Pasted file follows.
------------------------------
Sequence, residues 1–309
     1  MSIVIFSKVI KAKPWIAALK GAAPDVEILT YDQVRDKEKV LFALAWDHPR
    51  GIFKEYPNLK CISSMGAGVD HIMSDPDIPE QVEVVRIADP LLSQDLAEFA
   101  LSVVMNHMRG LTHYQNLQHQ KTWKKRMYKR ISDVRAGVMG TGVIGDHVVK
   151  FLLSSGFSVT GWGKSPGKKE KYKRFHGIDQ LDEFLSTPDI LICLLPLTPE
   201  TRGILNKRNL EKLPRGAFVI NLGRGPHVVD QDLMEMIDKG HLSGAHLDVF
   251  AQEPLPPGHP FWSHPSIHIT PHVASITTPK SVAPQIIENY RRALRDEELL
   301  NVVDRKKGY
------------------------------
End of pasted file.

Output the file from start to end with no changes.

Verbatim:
Sequence, residues 1–309
     1  MSIVIFSKVI KAKPWIAALK GAAPDVEILT YDQVRDKEKV LFALAWDHPR
    51  GIFKEYPNLK CISSMGAGVD HIMSDPDIPE QVEVVRIADP LLSQDLAEFA
   101  LSVVMNHMRG LTHYQNLQHQ KTWKKRMYKR ISDVRAGVMG TGVIGDHVVK
   151  FLLSSGFSVT GWGKSPGKKE KYKRFHGIDQ LDEFLSTPDI LICLLPLTPE
   201  TRGILNKRNL EKLPRGAFVI NLGRGPHVVD QDLMEMIDKG HLSGAHLDVF
   251  AQEPLPPGHP FWSHPSIHIT PHVASITTPK SVAPQIIENY RRALRDEELL
   301  NVVDRKKGY